Google claims that consumer convenience and security are their priorities, but in fact, Google does not boast perfect security in its payment system. Currently, in the case of the Google Play Store, you must enter a password for every payment through an authentication system. If your Google ID and password have already been leaked before, then even Google’s strong payment system cannot be considered secure.
What About Other Countries?
As legislation regulating the app market is being implemented in Korea for the first time in the world, many countries, including the United States and Europe, are also paying attention to anti-monopoly regulations on the app market. The European Union (EU) already came up with a bill to regulate platform companies in December last year, and the United States in July. Moreover, in Washington DC, they filed an antitrust lawsuit in the California federal court against Alphabet, the parent company of Google, in 36 states.
Attorney Generals in 36 U.S. states are arguing that Google’s enforcement of in-app purchases and charging fees violates antitrust laws that abuse the market’s monopoly power. In addition, a bill targeting Google and Apple’s app markets was proposed in the US Senate in August (forcing in-app purchases to be banned in app markets with more than 50 million users in the US).
In the United States, big tech companies such as Google, Amazon, and Apple are considered to be passive in regulating major platform companies than in other countries. The fact that even the United States has begun to regulate seems to have strengthened the public opinion that it should prevent unfair competition and induce healthy competition in the market. As such, there are also observations that these legislations will accelerate the global trend toward regulation of giant platform companies while there are already movements to regulate the app market antitrust overseas.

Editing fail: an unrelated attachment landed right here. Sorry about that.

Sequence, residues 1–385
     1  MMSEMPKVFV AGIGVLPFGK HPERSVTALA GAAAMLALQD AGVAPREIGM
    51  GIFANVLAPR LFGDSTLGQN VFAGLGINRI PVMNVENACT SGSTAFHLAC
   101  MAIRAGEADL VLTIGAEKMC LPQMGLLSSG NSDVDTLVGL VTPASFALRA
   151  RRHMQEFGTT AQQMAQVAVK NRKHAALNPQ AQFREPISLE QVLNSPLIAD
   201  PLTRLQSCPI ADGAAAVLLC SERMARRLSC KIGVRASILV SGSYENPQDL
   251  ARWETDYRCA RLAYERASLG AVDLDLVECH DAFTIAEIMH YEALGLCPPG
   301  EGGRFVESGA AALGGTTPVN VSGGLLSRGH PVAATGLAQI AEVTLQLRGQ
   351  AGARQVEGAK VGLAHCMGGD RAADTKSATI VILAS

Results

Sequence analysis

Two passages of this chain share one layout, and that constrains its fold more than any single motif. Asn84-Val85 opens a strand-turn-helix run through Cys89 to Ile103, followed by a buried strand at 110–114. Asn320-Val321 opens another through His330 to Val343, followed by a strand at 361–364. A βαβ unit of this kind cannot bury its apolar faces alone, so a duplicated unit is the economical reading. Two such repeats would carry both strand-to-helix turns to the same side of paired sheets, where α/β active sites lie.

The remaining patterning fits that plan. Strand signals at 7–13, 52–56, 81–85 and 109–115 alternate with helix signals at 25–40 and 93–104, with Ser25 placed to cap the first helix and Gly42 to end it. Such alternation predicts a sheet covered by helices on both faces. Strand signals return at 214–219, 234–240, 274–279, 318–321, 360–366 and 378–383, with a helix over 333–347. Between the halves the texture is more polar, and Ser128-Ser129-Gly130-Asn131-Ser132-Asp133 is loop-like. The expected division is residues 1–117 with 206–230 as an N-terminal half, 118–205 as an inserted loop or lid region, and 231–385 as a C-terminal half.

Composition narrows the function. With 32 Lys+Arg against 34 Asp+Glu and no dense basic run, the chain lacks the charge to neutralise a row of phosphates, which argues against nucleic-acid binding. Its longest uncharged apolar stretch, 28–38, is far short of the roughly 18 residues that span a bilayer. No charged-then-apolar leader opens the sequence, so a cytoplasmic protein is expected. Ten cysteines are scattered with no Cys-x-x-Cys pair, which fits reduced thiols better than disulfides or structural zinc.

After the bill passed the plenary session of the National Assembly, it is known that the Korea Communications Commission met with officials from Google and Apple to submit an implementation plan containing specific improvement plans and detailed schedules for compliance with the law. This in-app payment regulation should not be viewed simply as a revenue problem for giant tech companies. As global platforms can excessively collect consumer data across the world, such as transactions and payments, it is necessary to look at it in connection with data sovereignty which can eventually protect consumers and their data.